On May 5, Airbnb co-founder and CEO Brian Chesky cried into his video camera while addressing staff about how the pandemic had decimated the industry and the business. Within a few hours, a quarter of Airbnb’s work force were told they were out, a total of 1,900.

This article discusses how ‘commitment culture companies’, of which Airbnb is the ideal, are exposed in economic downturns and run the risk of turning from a family of like-minded and supportive employees to a job like any other, in the face of layoffs, redundancies and retrenching.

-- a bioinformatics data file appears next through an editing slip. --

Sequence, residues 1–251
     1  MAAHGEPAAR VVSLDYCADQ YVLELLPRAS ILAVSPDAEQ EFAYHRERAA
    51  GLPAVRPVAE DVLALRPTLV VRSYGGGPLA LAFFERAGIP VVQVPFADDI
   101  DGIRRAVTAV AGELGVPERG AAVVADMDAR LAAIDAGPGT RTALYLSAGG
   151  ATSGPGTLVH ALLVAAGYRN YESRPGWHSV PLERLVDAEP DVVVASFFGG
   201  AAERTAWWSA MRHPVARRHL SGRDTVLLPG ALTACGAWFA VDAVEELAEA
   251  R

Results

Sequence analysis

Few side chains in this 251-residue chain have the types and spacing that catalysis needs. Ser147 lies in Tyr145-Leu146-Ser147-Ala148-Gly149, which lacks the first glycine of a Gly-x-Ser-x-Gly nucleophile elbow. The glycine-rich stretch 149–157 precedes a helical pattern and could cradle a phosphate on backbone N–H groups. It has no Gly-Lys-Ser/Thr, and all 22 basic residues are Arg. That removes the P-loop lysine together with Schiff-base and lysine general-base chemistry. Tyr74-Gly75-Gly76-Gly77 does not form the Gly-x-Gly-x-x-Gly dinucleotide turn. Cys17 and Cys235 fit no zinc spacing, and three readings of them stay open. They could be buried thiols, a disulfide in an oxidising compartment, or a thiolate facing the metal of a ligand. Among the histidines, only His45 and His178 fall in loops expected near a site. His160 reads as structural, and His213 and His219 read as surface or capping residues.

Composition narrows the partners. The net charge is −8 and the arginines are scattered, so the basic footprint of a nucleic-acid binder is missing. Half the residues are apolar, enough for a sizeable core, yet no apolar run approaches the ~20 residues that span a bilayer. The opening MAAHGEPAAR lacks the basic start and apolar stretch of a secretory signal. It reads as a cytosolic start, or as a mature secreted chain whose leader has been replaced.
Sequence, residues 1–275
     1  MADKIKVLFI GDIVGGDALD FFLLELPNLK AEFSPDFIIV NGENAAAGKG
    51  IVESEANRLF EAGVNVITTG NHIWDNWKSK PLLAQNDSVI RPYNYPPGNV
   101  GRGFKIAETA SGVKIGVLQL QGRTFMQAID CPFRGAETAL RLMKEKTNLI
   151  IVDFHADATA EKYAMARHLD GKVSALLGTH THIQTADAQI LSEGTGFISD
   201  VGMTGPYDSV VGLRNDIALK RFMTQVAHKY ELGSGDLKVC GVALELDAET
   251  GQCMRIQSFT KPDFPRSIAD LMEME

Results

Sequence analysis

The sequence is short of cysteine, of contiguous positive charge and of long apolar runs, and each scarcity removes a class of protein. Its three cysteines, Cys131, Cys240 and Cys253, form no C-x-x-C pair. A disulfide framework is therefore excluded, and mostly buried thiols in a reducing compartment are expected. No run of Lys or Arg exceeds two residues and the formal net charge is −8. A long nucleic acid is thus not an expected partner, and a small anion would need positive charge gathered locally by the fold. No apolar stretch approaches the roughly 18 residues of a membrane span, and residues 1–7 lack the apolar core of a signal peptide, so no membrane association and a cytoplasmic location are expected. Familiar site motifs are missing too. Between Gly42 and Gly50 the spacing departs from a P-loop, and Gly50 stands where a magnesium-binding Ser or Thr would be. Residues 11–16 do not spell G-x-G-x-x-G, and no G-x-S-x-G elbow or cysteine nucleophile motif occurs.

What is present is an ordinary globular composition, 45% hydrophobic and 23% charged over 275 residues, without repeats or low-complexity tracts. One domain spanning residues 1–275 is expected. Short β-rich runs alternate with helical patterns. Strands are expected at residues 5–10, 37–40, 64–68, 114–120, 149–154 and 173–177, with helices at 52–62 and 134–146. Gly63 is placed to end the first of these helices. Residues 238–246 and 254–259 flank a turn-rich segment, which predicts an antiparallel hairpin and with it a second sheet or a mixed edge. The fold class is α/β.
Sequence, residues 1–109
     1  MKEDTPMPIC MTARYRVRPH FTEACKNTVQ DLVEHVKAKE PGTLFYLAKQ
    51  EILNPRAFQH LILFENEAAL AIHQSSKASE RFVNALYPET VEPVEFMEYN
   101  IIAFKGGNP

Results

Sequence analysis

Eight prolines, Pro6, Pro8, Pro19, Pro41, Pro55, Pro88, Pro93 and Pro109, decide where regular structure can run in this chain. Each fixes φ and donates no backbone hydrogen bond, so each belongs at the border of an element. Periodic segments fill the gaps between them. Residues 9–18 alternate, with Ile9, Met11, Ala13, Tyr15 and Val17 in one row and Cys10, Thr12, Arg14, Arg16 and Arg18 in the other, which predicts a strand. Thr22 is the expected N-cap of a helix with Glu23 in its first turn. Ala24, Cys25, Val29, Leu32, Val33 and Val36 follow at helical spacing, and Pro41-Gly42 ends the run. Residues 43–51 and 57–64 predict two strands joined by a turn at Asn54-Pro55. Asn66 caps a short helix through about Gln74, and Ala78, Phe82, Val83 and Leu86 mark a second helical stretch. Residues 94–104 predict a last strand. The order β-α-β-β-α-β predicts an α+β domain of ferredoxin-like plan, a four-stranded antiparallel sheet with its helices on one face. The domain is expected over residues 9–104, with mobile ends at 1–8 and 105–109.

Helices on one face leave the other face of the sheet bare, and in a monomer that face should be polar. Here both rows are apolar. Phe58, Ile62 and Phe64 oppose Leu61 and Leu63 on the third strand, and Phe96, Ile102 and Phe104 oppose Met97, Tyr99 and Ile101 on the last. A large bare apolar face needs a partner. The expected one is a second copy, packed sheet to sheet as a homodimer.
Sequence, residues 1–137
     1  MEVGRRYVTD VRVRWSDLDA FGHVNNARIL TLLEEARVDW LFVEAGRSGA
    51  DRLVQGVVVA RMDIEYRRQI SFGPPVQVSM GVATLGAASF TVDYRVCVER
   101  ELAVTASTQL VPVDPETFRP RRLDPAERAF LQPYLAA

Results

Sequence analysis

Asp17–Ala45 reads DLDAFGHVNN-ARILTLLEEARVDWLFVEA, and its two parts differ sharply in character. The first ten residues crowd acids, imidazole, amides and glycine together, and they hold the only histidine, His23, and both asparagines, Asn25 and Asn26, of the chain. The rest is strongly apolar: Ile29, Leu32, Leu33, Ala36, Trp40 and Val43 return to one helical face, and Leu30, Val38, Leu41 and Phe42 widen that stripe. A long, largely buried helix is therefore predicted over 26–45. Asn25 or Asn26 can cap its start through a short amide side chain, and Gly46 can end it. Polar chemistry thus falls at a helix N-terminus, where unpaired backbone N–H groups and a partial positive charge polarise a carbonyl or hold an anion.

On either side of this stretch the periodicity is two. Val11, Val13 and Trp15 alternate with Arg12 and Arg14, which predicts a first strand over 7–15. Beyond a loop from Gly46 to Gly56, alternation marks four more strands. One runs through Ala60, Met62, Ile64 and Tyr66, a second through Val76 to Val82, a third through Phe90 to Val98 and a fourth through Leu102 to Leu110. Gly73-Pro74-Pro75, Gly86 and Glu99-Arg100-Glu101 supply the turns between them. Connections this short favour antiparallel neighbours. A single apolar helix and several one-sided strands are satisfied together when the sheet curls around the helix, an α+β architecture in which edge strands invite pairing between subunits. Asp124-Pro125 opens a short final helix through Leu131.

It contrasts the platform’s sharing economy peers Uber as built on ruthless competition, and WeWork favouring a partying culture, while Airbnb stood for earnest idealism. New employees were screened for empathy in job interviews, and were welcomed “home” and told: “You belong here”, so the rupturing of the “Airfam” was particularly painful.

Even though the co-founders offered a standing ovation to the employees they had let go, more than a dozen current and former Airbnb employees have given anonumous interviews in which they describe experiencing a sudden disillusionment when the carefully crafted corporate idealism cracked.

Chesky’s plans for the future, what he calls a “second founding”, will focus on its core home rental business, expecting fewer customers to book international travel, or flock to crowded cities, and more taking local trips and making more long-term stays.